Good Luck
The Barefoot Bohemian

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Vientiane, Chiang Mai and Yangon.

In contrast to my last couple of posts which were ostensibly about away-days, this is about a much meatier trip.  Although having said that, the manner in which it was planned and executed is still very much in the spirit of the Barefoot Bohemian.  I will also focus on the mechanics of the trip rather than on producing yet another tour guide, although a video of each location can be viewed at The Barefoot Bohemian channel on YouTube if you want a flavour on them. View the video here

Yangon street scene

Yangon street scene

Having found myself with a couple of free weeks and deciding that I really needed to tick off some things from my bucket list (see the list here), I wanted to get the biggest bang for my buck, so it was either completing the missing Asian countries on my list or tackling a couple in Latin America.  Asia won – as so often happens with me.

The big Asian gaps were Laos and Myanmar (formerly Burma), and as I’d never been to Chiang Mai in Thailand and it is conveniently situated between the other two, that went into the itinerary as well.

I have built up a number of air miles with BA (Avíos points as they are now called) so I looked at flights to and from Bangkok. There were flights out but no air mile flights back to London in March or April.  So I booked a £200 flight to Bangkok (with some air miles) and a £20 (yes that does not have a 0 missing) return flight from Hong Kong 11 days later. Then I set about linking them up.  It involved lots of post it notes and numerous permutations but I eventually settled on an additional seven flights to complete the trip ( total cost about £350 which was less than half of the cost I was quoted by a popular flight company who wanted £750 for the same interconnecting trip). And ironically the cheapest way to fly was not west to east as you might expect, but east to west and then east again which shows the value of being flexible and checking all the options.

So the trip became London Heathrow to Bangkok.  Switch airports in Bangkok and fly from Bangkok Don Mueang airport to Vientiane in Laos.  Three nights in Vientiane.  Fly Vientiane to Luang Prabang in Laos and then on to Chiang Mai, Thailand.  Two nights in Chiang Mai.  Fly Chiang Mai to Bangkok then on to Yangon (formerly Rangoon) in Myanmar.  Four nights in Yangon.  Fly Yangon to Bangkok and Bangkok to Hong Kong before returning to London Heathrow.  Nine flights in eleven days with a total price of about £600 including air miles.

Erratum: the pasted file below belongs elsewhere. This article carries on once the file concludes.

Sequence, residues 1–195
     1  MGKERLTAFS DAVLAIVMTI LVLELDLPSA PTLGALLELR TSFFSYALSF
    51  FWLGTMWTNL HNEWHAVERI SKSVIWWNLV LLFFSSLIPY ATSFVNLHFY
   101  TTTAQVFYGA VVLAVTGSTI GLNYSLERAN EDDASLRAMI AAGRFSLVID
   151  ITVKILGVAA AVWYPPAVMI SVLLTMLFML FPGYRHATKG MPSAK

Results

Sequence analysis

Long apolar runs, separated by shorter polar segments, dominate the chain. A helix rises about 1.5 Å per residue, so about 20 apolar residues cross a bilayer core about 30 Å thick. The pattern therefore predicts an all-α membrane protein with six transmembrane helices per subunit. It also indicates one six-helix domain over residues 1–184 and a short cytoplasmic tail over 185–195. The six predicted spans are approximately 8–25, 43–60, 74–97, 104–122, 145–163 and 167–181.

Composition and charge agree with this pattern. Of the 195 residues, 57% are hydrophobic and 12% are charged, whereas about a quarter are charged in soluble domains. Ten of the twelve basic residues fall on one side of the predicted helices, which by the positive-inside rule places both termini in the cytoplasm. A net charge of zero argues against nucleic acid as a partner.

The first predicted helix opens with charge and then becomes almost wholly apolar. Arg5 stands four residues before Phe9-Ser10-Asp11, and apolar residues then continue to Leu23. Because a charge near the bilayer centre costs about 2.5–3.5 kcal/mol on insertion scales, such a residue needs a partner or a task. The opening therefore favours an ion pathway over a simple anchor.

Room beside the Mekong in Vientiane

Room beside the Mekong in Vientiane

Next – accommodation.  Having experimented with Airbnb in Krakow, I thought it should be tested a little further in a couple of more remote locations.  It did not disappoint. I got a large spacious room with balcony on the banks of the Mekong in Vientiane, a similar sized and well-appointed room in the old city of Chiang Mai, and a reasonable but not as impressive double room – with breakfast – in Yangon (total cost for the nine nights – about £200).

Room in the old walled city of Chiang Mai

Room in the old walled city of Chiang Mai

A couple of other things to consider – transfers and visas.  Currencies, restaurants, and bars are no longer much of a consideration when travelling, given the proliferation of ATM machines and apps like Trip Advisor to help you find places to go when you arrive in a foreign country.  Airbnb hosts are remarkably helpful with information about their city and can advise the best way to transfer from the airport to the accommodation – with approximate costs so you don’t experience that ‘am I being ripped off’ feeling, actually you very rarely are but of course it can happen.  Visas for a U.K. passport holder are not required for Thailand, can be obtained on arrival in Laos and you can either get a visa for less than £20 for Myanmar, or if, like me, you are putting a trip together at the last minute and can’t wait the couple of weeks for your passport to be returned, then for an extra £15 or so, you can get an e-visa which was approved within hours and worked just fine.

Once the flights, visa and accommodation were booked, I could only foresee three tiny pinch-points. The first was I intended to do the trip without checked-in baggage. This became a little more tricky when I received an email from one of my chosen airlines informing me I was allowed two cabin bags – as long at their total weight did not exceed 7kg.  My challenge just got a little trickier.

Chiang Mai restaurant

Chiang Mai restaurant

The second was my arrival into Bangkok Suvarnbhumi Airport was scheduled for 0930 and my flight to Vientiane left Bangkok Don Mueang airport at 1255, giving me 3 hours 25 minutes between flights. Immigration at Bangkok can be a slow process (about an hour), taxi queues lengthy (30 minutes) Monday morning traffic a nightmare (more than one hour journey) and Air Asia are quite strict on enforcing their policy of checking in at least 1 hour prior to the flight (potentially 3 hours 30 minutes).